IIT-H decision to ban students’ vehicles sparks debate

By Author  |  Published: 24th Sep 2018  12:11 amUpdated: 23rd Sep 2018  10:17 pm
The premier institute has a strength of over 2,000 students.

Sangareddy: The IIT-Hyderabad management’s decision to ban students from using two and four-wheelers inside the campus has sparked a debate. It has been the most talked point on the campus throughout the week. The move has divided the students and faculty virtually.

While most students are opposed to the decision terming it as unilateral, a majority of faculty and other staff are backing the move citing students’ safety. However, some faculty were inclined to the students’ argument, but the juniors are of the view that they would support the move if the management operates buses, cabs round the clock on the campus.

On behalf of the institute, Assistant Professor, Department of Chemistry, Dr Ganeshan Prabhu Sankar, had communicated the decision on September 18 to ban the vehicles of the students from October 19 through institute’s mail chain. The premier institute has a strength of over 2,000 students besides about 400 faculty members.

Speaking to Telangana Today, a student said an accident occurred on the premises of the campus on September 16 involving the vehicles of a Sangareddy-based local political leader and a student of the institute. The leader reportedly came to campus to meet one of his friends. Though none was injured, the management has taken a decision to ban the vehicles of students a couple of days later. However, the management did not discuss the accident in the communication. The people, who were supporting the move, say many IITs in India were not allowing Students’ vehicles into the campus. But, the students argue that the IITs, which had banned students’ vehicles on campus, had late night cafes and other facilities, which will remain open until 3 am. Since the IIT-H is spread over 565 acres, the students are forced to travel about 2 km to reach their hostel and college from the entrance.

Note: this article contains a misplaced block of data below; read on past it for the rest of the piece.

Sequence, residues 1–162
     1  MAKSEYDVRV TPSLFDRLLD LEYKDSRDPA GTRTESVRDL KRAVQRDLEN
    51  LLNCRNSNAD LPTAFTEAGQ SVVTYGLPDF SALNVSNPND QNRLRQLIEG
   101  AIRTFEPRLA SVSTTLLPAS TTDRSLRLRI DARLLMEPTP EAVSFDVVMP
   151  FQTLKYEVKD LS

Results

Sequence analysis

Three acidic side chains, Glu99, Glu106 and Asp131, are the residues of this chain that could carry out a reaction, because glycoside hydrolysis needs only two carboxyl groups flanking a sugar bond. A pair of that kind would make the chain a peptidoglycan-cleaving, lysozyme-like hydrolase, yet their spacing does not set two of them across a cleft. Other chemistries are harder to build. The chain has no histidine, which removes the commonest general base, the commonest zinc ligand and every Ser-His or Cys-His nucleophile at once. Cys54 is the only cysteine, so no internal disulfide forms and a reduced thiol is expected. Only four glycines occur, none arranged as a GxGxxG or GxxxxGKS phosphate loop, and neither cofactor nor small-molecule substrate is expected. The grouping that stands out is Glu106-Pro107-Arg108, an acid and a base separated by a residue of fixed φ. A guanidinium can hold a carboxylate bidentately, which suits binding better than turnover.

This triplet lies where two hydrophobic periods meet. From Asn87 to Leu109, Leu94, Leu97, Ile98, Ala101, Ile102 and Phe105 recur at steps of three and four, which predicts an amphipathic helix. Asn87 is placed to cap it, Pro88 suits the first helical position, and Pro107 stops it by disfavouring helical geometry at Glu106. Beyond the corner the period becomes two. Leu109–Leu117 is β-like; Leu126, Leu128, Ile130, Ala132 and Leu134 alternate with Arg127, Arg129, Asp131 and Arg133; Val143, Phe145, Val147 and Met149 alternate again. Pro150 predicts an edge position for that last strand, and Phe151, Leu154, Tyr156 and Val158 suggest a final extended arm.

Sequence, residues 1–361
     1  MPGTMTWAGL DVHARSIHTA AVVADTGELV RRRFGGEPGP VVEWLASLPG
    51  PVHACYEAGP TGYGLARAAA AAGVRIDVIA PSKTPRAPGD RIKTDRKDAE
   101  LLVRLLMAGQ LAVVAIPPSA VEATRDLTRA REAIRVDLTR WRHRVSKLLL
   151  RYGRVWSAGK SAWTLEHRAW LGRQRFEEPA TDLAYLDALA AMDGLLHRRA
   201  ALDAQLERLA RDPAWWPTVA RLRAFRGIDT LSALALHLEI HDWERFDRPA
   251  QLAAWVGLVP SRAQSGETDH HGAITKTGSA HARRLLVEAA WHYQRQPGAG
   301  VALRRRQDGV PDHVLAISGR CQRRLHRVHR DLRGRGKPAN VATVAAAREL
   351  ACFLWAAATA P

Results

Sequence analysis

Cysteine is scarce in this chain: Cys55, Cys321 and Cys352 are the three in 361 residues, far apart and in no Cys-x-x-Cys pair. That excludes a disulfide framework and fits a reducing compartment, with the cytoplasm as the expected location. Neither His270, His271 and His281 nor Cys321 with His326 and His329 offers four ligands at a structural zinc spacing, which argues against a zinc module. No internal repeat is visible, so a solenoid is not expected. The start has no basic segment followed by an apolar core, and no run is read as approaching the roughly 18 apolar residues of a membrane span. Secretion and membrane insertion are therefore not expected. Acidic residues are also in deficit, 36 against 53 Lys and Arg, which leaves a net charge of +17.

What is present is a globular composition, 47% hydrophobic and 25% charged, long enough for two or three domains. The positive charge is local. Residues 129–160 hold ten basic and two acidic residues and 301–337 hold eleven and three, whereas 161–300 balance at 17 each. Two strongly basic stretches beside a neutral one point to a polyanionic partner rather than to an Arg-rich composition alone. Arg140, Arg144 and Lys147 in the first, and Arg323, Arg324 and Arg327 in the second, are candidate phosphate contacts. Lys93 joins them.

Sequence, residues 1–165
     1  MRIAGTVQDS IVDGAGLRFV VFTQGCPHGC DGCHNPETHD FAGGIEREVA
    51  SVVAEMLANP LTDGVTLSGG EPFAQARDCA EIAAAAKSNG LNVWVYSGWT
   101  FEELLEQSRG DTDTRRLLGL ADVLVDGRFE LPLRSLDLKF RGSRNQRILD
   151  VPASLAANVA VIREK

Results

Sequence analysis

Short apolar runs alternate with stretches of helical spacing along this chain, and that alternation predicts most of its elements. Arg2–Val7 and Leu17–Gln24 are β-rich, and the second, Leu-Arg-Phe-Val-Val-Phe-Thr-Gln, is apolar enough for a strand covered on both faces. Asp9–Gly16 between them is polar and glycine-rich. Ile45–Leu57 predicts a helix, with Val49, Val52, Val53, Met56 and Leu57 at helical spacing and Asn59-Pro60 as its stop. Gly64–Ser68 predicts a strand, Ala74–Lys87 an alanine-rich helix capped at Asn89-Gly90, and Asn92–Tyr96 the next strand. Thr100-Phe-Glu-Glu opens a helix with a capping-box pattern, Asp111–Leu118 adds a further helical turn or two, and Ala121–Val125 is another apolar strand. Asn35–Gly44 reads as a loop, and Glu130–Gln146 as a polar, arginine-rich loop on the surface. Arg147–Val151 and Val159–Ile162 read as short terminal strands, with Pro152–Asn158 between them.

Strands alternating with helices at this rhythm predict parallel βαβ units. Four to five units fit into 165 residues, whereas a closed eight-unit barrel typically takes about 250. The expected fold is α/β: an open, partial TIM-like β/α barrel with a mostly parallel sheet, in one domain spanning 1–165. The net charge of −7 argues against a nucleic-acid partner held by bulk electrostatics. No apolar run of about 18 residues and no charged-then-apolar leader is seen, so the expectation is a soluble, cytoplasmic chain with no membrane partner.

A research scholar said they would often work in the labs until late at night. “Returning to hostel at nights could be a difficult thing if the institute enforces the ban, he said. Another research scholar, who is married and staying outside the campus with his wife and kids, said people like him would have a difficult time if the institute goes ahead with the decision. “We are not only opposing the move but also disappointed as the decision was taken without consulting students, who would actually be affected with the ban, another student on said.

Meanwhile, the management is contemplating organising a meeting with the faculty to debate on the issue before enforcing the ban following the opposition from students. The institute is also making ready a parking place at the entrance of the IIT-H, located adjacent to NH-65 near Kandi in Sangareddy district, to enable the students to park their vehicles. Though the institute is already operating mini-buses from the entrance to college and hostels, they will have to enhance the fleet if they go ahead with the ban.